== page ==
Laschet earlier told cheering supporters that “we will do everything we can to form a government under the Union’s leadership, because Germany now needs a coalition for the future that modernizes our country.”

Now it looks like both Laschet and Scholz will be courting the same two parties. The Greens traditionally lean toward the Social Democrats and the Free Democrats toward the Union, but neither ruled out going the other way.

The other option was a repeat of the outgoing “grand coalition” of the Union and Social Democrats that has run Germany for 12 of Merkel's 16 years in power, but there was little obvious appetite for that after years of government squabbling.

“Everyone thinks that ... this ‘grand coalition’ isn't promising for the future, regardless of who is No. 1 and No. 2,” Laschet said. “We need a real new beginning.”

The Free Democrats' leader, Christian Lindner, also appeared keen to govern, making an overture toward the Greens.

“About 75% of Germans didn't vote for the next chancellor's party,” Lindner said in a discussion on ZDF television with all parties' leaders. “So it might be advisable ... that the Greens and Free Democrats first speak to each other to structure everything that follows.”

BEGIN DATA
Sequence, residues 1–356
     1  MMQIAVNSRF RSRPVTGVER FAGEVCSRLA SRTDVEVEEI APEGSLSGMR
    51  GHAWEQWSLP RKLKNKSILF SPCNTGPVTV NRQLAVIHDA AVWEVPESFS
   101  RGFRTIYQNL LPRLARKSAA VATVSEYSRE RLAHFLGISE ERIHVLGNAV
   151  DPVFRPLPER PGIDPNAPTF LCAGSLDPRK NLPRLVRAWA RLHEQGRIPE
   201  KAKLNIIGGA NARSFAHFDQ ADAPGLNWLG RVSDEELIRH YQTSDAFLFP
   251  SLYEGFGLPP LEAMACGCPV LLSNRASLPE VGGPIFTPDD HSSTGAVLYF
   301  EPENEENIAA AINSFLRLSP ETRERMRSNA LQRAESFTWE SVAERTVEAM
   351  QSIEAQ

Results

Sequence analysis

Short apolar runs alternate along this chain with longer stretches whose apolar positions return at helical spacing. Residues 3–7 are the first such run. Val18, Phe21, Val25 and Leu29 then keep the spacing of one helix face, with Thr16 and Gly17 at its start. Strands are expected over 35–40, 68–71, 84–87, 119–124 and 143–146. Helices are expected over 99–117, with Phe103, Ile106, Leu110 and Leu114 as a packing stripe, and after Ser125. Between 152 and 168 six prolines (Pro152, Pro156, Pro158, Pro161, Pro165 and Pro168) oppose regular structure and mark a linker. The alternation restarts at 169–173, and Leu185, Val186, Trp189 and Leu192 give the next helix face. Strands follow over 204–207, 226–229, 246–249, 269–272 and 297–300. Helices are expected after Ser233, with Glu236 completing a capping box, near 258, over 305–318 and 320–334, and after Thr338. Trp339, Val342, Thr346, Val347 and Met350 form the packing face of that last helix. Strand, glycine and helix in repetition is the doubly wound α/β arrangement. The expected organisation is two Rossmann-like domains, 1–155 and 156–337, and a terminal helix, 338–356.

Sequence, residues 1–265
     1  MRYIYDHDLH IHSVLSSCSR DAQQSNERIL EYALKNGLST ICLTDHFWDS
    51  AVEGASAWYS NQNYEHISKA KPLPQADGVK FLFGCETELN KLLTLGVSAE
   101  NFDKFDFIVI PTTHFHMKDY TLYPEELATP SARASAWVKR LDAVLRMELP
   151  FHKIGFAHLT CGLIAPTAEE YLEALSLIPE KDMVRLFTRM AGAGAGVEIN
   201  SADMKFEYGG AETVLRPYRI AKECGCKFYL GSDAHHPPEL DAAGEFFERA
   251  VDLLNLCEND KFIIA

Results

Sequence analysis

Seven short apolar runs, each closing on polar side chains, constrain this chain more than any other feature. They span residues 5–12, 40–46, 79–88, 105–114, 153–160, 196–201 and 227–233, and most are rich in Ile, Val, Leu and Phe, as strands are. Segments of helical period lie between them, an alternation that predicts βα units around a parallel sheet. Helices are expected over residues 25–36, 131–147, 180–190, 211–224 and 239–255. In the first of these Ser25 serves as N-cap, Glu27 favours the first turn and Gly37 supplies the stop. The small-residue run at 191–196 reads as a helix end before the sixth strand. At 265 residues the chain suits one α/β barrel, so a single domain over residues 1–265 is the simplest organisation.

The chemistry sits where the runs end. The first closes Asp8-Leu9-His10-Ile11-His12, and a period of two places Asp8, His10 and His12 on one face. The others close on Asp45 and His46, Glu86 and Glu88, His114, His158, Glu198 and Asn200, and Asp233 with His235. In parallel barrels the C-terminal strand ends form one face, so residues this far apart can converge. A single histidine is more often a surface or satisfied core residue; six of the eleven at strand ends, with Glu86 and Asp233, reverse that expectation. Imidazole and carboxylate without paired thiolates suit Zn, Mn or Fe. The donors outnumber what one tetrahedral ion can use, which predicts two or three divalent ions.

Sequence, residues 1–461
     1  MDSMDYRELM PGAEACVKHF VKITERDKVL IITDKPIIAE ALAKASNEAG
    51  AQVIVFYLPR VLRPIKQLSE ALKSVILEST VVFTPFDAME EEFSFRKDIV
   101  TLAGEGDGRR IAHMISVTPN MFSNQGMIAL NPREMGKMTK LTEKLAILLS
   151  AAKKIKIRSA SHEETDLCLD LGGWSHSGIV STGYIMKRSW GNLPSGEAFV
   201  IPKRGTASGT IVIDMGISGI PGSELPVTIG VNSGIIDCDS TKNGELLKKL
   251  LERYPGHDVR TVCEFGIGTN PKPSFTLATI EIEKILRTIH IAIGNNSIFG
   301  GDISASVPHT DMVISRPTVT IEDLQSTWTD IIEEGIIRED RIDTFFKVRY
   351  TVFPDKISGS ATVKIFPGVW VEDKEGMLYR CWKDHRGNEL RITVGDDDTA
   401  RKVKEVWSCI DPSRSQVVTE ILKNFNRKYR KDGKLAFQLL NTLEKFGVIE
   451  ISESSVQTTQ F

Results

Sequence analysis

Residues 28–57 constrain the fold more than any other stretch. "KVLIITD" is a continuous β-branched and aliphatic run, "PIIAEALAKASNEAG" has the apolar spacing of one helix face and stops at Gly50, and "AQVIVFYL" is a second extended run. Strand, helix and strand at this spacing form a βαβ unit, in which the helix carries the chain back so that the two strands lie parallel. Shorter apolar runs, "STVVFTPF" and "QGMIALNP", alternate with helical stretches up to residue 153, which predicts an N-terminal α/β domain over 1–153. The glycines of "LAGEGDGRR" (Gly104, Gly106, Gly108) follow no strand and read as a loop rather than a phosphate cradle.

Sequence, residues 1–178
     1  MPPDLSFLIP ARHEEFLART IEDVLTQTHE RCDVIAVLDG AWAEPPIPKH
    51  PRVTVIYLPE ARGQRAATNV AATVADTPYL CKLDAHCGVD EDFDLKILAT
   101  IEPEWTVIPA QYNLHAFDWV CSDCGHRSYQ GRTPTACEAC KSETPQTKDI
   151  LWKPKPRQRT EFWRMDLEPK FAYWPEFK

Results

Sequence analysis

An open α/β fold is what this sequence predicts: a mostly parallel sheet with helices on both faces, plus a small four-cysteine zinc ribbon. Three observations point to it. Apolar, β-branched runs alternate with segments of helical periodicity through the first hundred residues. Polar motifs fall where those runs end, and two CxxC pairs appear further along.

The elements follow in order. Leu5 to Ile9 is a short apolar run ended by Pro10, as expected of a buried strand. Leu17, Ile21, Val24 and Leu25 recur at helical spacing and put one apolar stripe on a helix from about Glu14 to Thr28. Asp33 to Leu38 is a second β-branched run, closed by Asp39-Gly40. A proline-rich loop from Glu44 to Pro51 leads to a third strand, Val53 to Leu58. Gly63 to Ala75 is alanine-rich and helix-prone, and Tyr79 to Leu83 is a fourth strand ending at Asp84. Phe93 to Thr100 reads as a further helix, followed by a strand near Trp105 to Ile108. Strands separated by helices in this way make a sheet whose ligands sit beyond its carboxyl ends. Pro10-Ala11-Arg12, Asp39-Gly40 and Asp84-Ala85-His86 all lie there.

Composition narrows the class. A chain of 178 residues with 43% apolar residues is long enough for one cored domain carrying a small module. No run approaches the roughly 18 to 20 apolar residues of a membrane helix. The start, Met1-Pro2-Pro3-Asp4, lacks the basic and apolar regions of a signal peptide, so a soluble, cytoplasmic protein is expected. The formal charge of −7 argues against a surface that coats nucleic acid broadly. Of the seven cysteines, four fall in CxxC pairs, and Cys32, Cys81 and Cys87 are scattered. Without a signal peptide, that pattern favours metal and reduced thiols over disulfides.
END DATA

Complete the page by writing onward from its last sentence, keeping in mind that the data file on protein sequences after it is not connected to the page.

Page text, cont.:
Baerbock insisted that “the climate crisis ... is the leading issue of the next government, and that is for us the basis for any talks ... even if we aren't totally satisfied with our result.”

While the Greens improved their support from the last election in 2017, they had higher expectations for Sunday's vote.

Two parties weren't in contention to join Germany's next government. The Left Party was projected to win only 5%, the bare minimum needed to remain in parliament. The far-right Alternative for Germany — which no one else wants to work with — was seen winning around 11%, below the 12.6% showing that allowed it to enter parliament for the first time in 2017.

Merkel, who has won plaudits for steering Germany through several major crises, won’t be an easy leader to follow. Her successor will have to oversee the country's recovery from the coronavirus pandemic, which Germany so far has weathered relatively well thanks to large rescue programs.

Laschet insists there should be no tax increases as Germany pulls out of the pandemic. Scholz and Baerbock favor tax hikes for the richest Germans and also back an increase in the minimum wage.

Germany's leading parties have significant differences in their proposals for tackling climate change. Laschet’s Union bloc is pinning its hopes on technological solutions and a market-driven approach, while the Greens want to ramp up carbon prices and end the use of coal earlier than planned. Scholz has emphasized the need to protect jobs as Germany transitions to greener energy.